"Well, you see..." she said, hesitantly, slipping around behind me at the same time, "there's just this little difficulty." With as much smoothness as, say, the god of oil, she had raised me to a sitting position, and started rubbing the knots and frays out of my neck and upper back. She raised her voice a tad to be heard over the involuntary sighs and groans I didn't know I was making. "He's the sweetest thing, but he's just a little bit of a stick in the mud." She leaned in closer to whisper in my ear, and I could feel her pressing against my back. Hangover or not, I was starting to feel like I could do great things.
But I knew that if I agreed right away to her little assignation, she'd stop persuading me, so I continued to protest. "You don't need me to help you," I said, leaning back just ever so slightly. "You know you've got what it takes. If you set your mind to it --" I tilted my head up and back to look up at her, which practically put me in her lap. "-- you could make a High Priest jump over the altar."
"Well, to tell the truth, that's almost what I want to do." She wrinkled her nose conspiratorially at me. "He's not quite a High Priest, but he's a Bishop, and his church is just so stuffy! You have no idea what things are like down there nowadays!" I just shrugged. I knew that people still pressed the grape, they still drank when they could, and the little world below us still turned as it always had. "So what I want you to do, Bacchus-kins (I'm afraid this is the closest translation I can render for her endearment in terms that make sense to you.), is to go down there and get him just a little teeny bit... you know."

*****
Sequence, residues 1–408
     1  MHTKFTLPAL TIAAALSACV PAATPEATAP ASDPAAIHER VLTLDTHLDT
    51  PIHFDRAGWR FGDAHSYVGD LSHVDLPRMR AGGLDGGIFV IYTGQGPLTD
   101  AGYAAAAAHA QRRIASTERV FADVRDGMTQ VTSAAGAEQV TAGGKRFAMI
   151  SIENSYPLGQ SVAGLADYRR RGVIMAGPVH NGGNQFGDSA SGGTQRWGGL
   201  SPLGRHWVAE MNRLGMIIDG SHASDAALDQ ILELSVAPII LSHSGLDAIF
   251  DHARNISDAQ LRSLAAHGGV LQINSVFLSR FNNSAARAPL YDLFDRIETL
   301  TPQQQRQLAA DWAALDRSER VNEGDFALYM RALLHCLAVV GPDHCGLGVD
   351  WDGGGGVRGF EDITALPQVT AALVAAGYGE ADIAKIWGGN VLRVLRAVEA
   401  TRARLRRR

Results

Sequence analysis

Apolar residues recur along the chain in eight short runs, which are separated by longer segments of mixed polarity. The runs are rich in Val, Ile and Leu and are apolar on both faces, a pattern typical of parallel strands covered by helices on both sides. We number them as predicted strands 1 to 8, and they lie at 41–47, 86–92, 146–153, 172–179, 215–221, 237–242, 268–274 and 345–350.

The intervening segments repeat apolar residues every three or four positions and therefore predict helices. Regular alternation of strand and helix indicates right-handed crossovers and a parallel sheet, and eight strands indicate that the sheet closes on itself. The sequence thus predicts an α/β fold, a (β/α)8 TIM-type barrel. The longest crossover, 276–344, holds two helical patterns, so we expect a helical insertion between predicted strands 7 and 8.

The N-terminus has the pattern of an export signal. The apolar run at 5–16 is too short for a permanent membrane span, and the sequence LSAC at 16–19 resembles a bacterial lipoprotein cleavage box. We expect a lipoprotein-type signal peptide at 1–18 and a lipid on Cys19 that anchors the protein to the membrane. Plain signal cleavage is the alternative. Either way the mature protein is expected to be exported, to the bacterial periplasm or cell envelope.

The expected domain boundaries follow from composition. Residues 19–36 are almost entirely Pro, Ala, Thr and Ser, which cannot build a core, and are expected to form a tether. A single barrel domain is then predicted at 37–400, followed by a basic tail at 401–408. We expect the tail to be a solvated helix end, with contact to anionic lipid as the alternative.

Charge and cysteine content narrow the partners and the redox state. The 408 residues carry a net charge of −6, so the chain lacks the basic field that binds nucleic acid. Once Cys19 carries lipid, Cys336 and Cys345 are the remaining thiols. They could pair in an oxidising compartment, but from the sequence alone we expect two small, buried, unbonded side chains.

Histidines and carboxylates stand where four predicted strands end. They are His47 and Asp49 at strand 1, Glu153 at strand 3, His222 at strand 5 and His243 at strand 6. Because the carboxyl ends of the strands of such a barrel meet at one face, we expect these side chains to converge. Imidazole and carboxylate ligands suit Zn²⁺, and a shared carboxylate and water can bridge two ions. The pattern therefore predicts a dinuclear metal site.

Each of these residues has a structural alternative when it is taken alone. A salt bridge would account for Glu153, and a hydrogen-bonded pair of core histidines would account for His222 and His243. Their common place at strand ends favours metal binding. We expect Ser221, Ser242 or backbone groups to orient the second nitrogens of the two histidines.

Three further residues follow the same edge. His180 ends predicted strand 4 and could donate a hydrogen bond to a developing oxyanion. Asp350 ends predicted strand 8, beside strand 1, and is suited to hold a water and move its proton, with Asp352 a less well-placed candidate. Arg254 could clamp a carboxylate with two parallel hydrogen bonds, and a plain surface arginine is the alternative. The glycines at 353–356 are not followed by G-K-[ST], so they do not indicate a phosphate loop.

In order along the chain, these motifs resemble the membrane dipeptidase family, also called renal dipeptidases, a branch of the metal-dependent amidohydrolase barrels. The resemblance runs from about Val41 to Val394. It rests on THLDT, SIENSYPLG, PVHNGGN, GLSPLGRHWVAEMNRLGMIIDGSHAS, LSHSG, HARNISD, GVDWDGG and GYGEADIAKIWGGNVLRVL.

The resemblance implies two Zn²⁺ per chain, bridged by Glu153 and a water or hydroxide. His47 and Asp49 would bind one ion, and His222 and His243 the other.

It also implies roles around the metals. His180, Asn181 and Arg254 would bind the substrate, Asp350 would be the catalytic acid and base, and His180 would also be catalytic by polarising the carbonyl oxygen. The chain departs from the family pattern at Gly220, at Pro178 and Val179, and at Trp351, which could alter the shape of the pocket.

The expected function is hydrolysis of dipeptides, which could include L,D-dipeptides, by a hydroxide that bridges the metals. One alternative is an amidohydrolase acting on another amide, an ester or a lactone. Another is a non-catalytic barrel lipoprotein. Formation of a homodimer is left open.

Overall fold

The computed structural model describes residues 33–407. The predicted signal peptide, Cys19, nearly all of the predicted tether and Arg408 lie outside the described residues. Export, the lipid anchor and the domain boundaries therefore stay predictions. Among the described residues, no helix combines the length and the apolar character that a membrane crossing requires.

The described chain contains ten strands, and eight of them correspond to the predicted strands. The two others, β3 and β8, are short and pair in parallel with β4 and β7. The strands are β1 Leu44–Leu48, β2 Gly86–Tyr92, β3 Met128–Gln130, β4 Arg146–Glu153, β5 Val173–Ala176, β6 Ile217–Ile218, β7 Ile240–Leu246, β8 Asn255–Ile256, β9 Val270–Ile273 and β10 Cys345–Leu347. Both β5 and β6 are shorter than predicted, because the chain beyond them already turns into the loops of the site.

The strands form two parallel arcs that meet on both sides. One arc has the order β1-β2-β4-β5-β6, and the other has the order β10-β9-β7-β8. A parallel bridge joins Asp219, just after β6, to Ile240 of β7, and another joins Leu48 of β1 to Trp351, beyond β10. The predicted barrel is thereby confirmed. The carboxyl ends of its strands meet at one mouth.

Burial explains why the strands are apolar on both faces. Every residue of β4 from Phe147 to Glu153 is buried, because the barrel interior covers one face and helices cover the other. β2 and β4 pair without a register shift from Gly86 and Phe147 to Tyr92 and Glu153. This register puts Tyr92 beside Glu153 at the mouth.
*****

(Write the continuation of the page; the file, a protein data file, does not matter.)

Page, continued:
"Swacked," I said. "Spifflicated. Falling-down friendly."
"Tipsy," she said. "Just so I can talk to him and he won't be such a prune."
"And why, my sweet Venus, should I do this for you?" I asked, quietly.
"Well," she said, idly touching one of the leaves I was wearing, "after all, I am well aware of your love of feminine beauty."
"Yes," I admitted, "I do have an eye for the fairer sex."
"And I know that you would just be so sad if your sweet little Bacchantes all started saying, 'Not tonight, Bacchus! We have a headache.'"
I looked up at where she was still beaming sweetly at me. I shaded my eyes from her brilliance, feeling a headache of my own forming behind a spot between my eyebrows, and realized that my forehead was knotting itself. Like it or not, there was wisdom in her words. "I'll see what I can do," I said.